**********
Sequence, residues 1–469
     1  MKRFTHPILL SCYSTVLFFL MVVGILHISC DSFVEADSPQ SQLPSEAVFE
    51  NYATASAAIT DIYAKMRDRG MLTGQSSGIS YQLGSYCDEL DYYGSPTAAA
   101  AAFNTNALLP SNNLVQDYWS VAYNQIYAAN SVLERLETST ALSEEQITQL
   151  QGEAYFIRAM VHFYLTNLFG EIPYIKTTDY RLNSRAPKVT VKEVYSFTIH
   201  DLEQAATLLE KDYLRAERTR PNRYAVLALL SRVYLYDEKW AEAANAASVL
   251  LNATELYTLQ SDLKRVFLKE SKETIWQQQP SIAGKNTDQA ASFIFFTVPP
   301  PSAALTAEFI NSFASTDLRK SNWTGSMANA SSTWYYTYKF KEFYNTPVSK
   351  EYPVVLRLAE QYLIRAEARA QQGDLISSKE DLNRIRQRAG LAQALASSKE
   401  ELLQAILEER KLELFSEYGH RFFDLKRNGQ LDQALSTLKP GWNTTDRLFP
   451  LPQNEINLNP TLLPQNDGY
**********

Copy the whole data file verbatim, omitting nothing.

Sequence, residues 1–469
     1  MKRFTHPILL SCYSTVLFFL MVVGILHISC DSFVEADSPQ SQLPSEAVFE
    51  NYATASAAIT DIYAKMRDRG MLTGQSSGIS YQLGSYCDEL DYYGSPTAAA
   101  AAFNTNALLP SNNLVQDYWS VAYNQIYAAN SVLERLETST ALSEEQITQL
   151  QGEAYFIRAM VHFYLTNLFG EIPYIKTTDY RLNSRAPKVT VKEVYSFTIH
   201  DLEQAATLLE KDYLRAERTR PNRYAVLALL SRVYLYDEKW AEAANAASVL
   251  LNATELYTLQ SDLKRVFLKE SKETIWQQQP SIAGKNTDQA ASFIFFTVPP
   301  PSAALTAEFI NSFASTDLRK SNWTGSMANA SSTWYYTYKF KEFYNTPVSK
   351  EYPVVLRLAE QYLIRAEARA QQGDLISSKE DLNRIRQRAG LAQALASSKE
   401  ELLQAILEER KLELFSEYGH RFFDLKRNGQ LDQALSTLKP GWNTTDRLFP
   451  LPQNEINLNP TLLPQNDGY